Port au Prince.- Canadian tourists traveled recently to Haiti with the mass-market operator Transat on the first package tour to come to this country for over 25 years. The landing at Port-au-Prince airport was greeted -before even reaching passport control- by the sound of a band playing traditional twoubadou music.
Passengers climbing out of a flight from Canada were greeted in person by Minister of Tourism Stephanie Villedrouin and the Haitian press.
The hope was and is that mass-market tourism could return to the Caribbean isle. But for Haiti to overcome its damaging history and the devastation of the 2010 earthquake and become a tourist destination will require a lot to go right.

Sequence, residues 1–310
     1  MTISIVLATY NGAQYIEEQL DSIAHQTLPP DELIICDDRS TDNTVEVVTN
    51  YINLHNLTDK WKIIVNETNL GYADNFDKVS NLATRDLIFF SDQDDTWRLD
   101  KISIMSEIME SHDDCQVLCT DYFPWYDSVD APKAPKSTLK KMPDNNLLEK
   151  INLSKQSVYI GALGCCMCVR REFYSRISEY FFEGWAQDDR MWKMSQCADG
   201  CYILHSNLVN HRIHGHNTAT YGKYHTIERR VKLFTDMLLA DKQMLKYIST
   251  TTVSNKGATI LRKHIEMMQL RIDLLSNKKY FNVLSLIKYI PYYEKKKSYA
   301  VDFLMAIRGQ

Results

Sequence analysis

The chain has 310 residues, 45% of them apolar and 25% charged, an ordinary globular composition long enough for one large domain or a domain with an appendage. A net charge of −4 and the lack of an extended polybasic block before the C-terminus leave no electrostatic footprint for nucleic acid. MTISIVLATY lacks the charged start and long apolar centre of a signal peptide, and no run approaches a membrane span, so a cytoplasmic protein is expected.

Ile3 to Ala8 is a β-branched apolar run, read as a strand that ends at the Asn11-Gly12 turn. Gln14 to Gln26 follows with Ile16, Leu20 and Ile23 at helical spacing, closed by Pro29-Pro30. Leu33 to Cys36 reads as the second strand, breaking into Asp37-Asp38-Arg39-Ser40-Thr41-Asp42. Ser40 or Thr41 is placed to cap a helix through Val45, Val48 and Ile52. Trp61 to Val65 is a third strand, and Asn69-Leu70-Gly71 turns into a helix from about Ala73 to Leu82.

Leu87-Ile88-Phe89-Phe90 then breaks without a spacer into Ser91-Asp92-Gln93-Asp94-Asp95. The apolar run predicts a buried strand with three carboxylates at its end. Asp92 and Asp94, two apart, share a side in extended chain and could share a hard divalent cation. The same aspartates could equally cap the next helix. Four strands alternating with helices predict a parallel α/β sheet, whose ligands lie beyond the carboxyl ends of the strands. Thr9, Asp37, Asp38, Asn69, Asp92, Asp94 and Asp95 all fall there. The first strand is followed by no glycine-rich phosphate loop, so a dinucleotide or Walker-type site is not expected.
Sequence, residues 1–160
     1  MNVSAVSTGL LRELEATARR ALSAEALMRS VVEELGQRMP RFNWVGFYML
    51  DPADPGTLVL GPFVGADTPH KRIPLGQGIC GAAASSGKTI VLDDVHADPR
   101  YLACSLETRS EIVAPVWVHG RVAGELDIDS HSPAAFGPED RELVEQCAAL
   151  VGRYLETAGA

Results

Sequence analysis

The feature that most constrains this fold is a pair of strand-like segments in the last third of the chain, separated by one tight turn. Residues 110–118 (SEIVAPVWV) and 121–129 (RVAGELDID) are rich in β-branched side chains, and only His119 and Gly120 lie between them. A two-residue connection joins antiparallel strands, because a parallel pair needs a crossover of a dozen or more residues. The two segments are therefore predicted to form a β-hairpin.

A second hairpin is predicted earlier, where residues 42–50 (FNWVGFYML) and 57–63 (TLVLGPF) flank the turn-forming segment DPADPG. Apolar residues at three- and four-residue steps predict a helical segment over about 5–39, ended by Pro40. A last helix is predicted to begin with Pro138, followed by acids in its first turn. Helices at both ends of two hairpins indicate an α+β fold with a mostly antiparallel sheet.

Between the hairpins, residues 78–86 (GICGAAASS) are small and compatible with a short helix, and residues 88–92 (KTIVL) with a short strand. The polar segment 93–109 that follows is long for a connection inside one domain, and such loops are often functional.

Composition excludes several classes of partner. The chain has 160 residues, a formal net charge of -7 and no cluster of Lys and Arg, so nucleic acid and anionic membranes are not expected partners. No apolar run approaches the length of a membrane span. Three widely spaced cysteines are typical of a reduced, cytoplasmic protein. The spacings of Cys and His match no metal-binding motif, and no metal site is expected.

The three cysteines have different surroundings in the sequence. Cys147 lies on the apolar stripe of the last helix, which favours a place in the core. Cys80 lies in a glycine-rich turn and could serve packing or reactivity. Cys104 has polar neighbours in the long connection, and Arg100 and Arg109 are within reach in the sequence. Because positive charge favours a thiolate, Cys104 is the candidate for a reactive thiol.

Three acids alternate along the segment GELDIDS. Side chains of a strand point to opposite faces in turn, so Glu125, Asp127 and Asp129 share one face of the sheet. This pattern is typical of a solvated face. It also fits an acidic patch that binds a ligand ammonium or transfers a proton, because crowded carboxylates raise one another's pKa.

In the late 1940s and 50s, tourists began to flock to Port-au-Prince. The city’s waterfront area was redeveloped as part of the city’s bicentenary and American cruise ship passengers could walk from the docks to the famous Moorish-styled Iron Market to buy Haitian art and mahogany.
Holidaymakers returned in the 1970s, when his son Jean-Claude took the reigns of power. Package tourists flocked to the country’s new beach resorts; Bill and Hillary Clinton honeymooned here.
For some people, a Haitian holiday was a byword for licentiousness -sex tourism, shotgun weddings, and quickie divorces- but the country’s proximity to the USA made the place a hot attraction until the regime fell in 1986.